There is a lot of excitement surrounding the Miami Dolphins following a busy offseason coming off of back-to-back winning seasons. With the release of the team’s schedule last week, fans have been busy playing the win-loss game to predict the team’s 2022 record. Of course, nobody can predict how the season will turn out, but three burning questions will go a long way in determining whether Miami can get back to the playoffs.

1) How is Mike McDaniel as a Head Coach?
Mike McDaniel was named the Miami Dolphins franchise’s 14th head coach, and McDaniel has an impressive resume working in the NFL. In 2005 McDaniel got his first NFL job working for the Denver Broncos at the age of 22. Since then, he has worked for the Texans, UFL’s Sacramento Mountain Lions, Washington Redskins, Cleveland Browns, Atlanta Falcons, and the San Francisco 49ers. As impressive as McDaniel’s coaching resume is, there is no way of knowing how he will be as a head coach. There is no questioning McDaniel’s intelligence; as a Yale graduate McDaniel has been called an offensive genius, and most recently by wide receiver River Cracraft being called the smartest person everywhere he goes. The question is what type of head coach McDaniel will be, how will he handle in-game adjustments and decisions, and how his team responds to adversity with him as the leader. Is he going to go for the 2-point conversion late in the 4th quarter to win the game, or will he take the extra point to tie and send the game to overtime? Will he go for it on 4th down from the opponents 45-yard line, or will he call for a punt to try and pin the opponent deep in their own territory? How will he adjust after some of the good coaches he will go up against strategically take away the strength of the team and don’t allow the offense to do what he wants? After the team loses 2 or 3 games in a row, will his player-coach and easy-going personality start to wear off, and his message no longer gets across, or will it allow players to remain loose and bounce back quickly? These are all questions that I have and will go a long way in determining how this season looks at the end of the year.

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2) Is this the season that Tua Tagovailoa takes the necessary step?
It’s no secret that quarterback Tua Tagovailoa hasn’t lived up to his draft status yet. He hasn’t played horribly, and the team has won games with him as the starter, but this team is built to win now. Is Tua the quarterback that will lead this team to the playoffs and end the drought of over 20 years without a win? If you follow Per4orm on Twitter (Tua’s trainer), you will see the amount of work Tua has put in this offseason and the muscle he seems to have gained, and the extra zip on his passes. This is Tua’s first “regular” offseason in the NFL. Prior to his rookie season he was still recovering from the horrific hip injury he suffered in his final year at Alabama. Last offseason he was working on gaining strength back and working on mechanics. This offseason, Tua hasn’t had to worry about recovering or strictly building strength, instead he has been able to focus on improving his skillset as well as build strength, slim down, and work on his mechanics. The clips we have seen from Per4orm of Tua working out and the clips we have seen from the Miami Dolphins social accounts (aside from the under throw video) have reflected that. San Francisco was able to make it to the Super Bowl and two Conference Championship games with Jimmy Garoppolo as their quarterback under Shanahan and McDaniel’s offense, thanks to having the #1 rushing attack and a good defense. Can Tua be more than a quarterback along for the ride and instead be the reason the team is winning games? Because if he is, then this team will be a playoff contender and a Super Bowl contender this season. I believe this is the year we see Alabama Tua in Miami, and whether it’s fair or not, it has to be otherwise; Miami may look to move on next year, having two 1st round draft picks in the 2023 draft.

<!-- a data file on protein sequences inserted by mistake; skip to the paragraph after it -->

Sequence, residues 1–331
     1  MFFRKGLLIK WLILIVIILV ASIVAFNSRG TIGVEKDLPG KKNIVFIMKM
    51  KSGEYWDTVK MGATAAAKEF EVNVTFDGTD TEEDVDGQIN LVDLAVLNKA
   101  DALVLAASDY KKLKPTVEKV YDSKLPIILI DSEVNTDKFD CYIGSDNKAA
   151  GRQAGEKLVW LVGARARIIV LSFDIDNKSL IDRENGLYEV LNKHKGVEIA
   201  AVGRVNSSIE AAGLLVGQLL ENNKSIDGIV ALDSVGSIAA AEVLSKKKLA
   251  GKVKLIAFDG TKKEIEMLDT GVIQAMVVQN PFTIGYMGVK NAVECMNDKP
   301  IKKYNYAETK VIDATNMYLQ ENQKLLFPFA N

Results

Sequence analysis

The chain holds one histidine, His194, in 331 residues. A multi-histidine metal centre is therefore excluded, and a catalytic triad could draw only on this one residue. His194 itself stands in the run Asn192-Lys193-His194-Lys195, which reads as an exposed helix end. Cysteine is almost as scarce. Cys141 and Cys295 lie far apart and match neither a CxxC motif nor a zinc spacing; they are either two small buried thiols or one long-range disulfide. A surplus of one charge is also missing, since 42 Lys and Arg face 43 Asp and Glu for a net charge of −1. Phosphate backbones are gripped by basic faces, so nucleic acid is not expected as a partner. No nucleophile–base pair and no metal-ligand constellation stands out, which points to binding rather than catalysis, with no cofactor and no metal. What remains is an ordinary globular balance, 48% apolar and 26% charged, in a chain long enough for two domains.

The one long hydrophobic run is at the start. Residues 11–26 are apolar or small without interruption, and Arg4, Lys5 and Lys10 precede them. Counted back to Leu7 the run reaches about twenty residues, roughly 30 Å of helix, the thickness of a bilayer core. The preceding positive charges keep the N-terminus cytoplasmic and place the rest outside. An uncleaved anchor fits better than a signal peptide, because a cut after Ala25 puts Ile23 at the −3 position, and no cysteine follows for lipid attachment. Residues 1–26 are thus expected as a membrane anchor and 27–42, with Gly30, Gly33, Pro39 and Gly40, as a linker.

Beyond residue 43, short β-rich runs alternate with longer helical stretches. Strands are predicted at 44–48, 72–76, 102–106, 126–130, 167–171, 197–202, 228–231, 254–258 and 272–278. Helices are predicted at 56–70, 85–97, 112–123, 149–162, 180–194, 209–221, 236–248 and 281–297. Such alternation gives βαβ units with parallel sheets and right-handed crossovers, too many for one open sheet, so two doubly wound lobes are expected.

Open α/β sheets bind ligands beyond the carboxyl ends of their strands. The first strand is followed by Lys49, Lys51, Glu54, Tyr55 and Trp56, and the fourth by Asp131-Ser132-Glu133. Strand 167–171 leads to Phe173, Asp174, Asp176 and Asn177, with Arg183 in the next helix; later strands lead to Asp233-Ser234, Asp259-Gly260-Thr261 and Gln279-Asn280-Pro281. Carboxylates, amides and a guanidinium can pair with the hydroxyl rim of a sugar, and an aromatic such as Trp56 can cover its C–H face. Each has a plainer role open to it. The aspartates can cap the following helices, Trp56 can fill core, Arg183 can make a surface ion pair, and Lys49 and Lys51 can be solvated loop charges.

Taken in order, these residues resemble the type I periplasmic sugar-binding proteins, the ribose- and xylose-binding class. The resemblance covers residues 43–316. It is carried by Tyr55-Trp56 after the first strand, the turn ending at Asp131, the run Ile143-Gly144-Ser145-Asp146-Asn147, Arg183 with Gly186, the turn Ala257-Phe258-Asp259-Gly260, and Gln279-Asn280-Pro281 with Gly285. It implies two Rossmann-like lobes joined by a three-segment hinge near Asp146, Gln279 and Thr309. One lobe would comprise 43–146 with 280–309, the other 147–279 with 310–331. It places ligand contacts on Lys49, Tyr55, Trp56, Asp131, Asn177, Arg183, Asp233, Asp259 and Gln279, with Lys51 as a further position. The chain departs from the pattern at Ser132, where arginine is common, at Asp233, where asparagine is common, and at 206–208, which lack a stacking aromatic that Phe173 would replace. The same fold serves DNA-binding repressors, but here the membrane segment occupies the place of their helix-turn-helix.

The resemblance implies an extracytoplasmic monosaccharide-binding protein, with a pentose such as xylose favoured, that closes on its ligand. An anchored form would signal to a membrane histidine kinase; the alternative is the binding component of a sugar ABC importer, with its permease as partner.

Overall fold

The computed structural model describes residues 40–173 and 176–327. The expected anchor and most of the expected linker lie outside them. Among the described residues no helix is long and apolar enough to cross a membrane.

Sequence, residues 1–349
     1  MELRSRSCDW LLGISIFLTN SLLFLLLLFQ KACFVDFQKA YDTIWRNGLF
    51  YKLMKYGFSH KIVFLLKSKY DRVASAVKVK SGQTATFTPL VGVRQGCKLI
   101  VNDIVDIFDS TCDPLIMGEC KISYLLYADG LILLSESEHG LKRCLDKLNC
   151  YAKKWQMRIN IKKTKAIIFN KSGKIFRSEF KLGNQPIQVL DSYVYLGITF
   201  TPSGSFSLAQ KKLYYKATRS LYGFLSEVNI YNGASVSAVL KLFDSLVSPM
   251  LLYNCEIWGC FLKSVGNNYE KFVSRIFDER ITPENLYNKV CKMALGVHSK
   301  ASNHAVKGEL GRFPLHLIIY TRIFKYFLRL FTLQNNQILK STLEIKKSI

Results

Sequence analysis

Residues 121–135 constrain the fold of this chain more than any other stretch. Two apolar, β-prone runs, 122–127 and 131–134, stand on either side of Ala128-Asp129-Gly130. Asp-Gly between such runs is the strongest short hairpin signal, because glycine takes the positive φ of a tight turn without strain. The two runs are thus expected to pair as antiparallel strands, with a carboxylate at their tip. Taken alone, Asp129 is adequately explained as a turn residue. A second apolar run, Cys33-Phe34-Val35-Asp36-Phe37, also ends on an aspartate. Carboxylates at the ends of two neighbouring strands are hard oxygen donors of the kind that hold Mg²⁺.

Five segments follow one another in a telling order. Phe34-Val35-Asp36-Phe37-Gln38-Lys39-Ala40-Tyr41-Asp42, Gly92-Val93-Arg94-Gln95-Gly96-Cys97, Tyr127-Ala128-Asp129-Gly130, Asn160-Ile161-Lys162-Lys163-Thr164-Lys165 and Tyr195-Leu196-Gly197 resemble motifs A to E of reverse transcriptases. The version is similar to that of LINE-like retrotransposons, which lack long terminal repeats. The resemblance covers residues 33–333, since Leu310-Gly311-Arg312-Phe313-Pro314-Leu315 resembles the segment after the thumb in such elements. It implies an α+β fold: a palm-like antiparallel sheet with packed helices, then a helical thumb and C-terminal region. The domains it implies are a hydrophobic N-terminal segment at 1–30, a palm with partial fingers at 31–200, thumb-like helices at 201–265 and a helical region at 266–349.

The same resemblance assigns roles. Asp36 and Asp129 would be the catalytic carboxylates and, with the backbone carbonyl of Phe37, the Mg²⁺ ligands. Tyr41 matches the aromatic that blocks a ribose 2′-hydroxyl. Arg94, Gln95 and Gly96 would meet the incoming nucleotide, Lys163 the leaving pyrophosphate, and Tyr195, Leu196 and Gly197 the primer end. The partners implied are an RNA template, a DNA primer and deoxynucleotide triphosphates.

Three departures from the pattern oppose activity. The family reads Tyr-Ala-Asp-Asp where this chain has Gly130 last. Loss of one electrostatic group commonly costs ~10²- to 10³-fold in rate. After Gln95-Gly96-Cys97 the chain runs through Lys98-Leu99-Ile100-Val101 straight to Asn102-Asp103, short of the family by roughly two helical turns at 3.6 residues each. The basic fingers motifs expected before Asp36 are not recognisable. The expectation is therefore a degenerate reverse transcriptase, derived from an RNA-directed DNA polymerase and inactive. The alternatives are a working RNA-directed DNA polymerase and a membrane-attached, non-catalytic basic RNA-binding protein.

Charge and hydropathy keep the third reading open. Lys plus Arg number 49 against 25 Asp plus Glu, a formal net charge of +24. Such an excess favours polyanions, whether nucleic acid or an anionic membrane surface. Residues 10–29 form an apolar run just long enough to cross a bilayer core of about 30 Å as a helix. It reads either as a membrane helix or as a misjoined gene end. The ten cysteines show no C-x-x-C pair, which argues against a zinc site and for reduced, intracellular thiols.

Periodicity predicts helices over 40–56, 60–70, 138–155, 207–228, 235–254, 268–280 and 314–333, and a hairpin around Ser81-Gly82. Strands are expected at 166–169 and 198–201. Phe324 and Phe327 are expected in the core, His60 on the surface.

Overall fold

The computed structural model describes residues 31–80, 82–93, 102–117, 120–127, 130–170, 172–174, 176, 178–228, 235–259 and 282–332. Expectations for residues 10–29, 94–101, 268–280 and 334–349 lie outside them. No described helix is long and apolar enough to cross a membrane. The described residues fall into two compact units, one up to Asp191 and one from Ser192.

3) Can the defense become top 5-10 unit?
The strength of this Dolphins team is undoubtedly its defense. The Dolphins’ last two seasons have won a combined 19 games primarily due to the defense’s ability to force turnovers and keep opponents out of the endzone. With that said, the defense ranked middle of the pack in total yards (18th), points (17th), passing yards (17th), and rushing yards (19th). The team was 8th in takeaways which helped keep the team in games. After the week one win against New England, the Dolphins didn’t hold their opponent under 23 points during the 7-game losing streak. During the following 7-game winning streak, the team only surrendered more than 17 points once (week 15 vs. Jets). A lot has been made about the Dolphins’ win streak and dominant defense coming against lesser teams and quarterbacks, but a similar argument can be made that during the 7-game losing streak, Miami was without Tua for basically four games. Miami lost 3 of those 4 games without Tua by double digits. It is very tough for a defense to contain an opposing NFL offense for an entire game when their own offense is continuously putting them on the field in short-yardage situations thanks to turnovers or not giving them rest due to the inability to sustain drives. Miami’s defense has all the makings to be a top 5-10 unit and returns nearly everyone from the previous season, as well as adding rookie linebacker Channing Tindall and 3x Pro-Bowler Melvin Ingram. If Miami’s offense can sustain drives, a rested Dolphins defense will cause problems for the opposition. Miami went 9-8 last year with a middle-of-the-pack ranked defense; how many games can they win if the defense becomes the top 5-10 unit it is built to be?